Research is showing that 60% of readers are less likely to buy their books on line, following the uproar about the tax schemes being adopted by Amazon and other online sellers.
Studying English Literature 'O' level in 1973 (that's a GCSE to anyone under the age of 25), I often questioned whether Thomas Hardy had actually ever intended to provide such a deep and meaningful social commentary when writing 'The Mayor of Casterbridge' as my teacher seemed to imply. Surely he was just telling a jolly good story.
Of course, there are many different options, and many different business models. Some work for some firms, and others do not. My suspicion is that some of those attending the session are going to be looking for definitive solutions. And, of course, there aren't any.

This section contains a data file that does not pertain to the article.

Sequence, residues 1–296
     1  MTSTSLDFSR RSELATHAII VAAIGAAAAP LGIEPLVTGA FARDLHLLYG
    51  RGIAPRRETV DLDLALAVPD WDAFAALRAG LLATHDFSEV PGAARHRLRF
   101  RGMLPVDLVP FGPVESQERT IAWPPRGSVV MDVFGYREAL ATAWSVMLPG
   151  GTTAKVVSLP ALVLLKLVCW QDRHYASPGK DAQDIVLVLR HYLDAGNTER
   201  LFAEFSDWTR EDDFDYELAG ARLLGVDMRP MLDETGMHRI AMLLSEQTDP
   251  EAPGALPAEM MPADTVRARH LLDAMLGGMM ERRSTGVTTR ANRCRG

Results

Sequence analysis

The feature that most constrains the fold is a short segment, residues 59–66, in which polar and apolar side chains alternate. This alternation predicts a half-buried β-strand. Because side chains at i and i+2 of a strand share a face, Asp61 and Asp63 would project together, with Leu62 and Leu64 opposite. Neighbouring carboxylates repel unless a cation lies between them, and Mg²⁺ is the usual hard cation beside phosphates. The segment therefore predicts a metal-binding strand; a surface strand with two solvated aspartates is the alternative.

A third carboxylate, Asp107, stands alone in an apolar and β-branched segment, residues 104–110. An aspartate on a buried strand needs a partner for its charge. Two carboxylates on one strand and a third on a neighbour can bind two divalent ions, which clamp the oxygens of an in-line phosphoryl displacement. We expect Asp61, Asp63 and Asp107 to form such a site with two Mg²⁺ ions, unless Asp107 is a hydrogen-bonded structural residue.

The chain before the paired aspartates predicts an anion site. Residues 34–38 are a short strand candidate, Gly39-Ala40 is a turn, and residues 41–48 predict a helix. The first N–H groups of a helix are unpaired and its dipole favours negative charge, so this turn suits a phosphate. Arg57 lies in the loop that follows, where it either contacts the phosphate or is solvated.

Succession planning in mid-sized professional services firms – and indeed in any small business – is not an intellectually difficult exercise. But it is one that is frequently avoided, and even when it is addressed, often the key issues are ignored.
So why do intelligent business professionals, who spend much of their time advising their own clients about the very issue that they find so hard to deal with themselves, simply sweep the whole succession planning issue so far under the carpet.
The answer is simple. The solution, though, is much more difficult. They simply cannot bring themselves to address the emotional issues that are such an integral part of any succession planning exercise.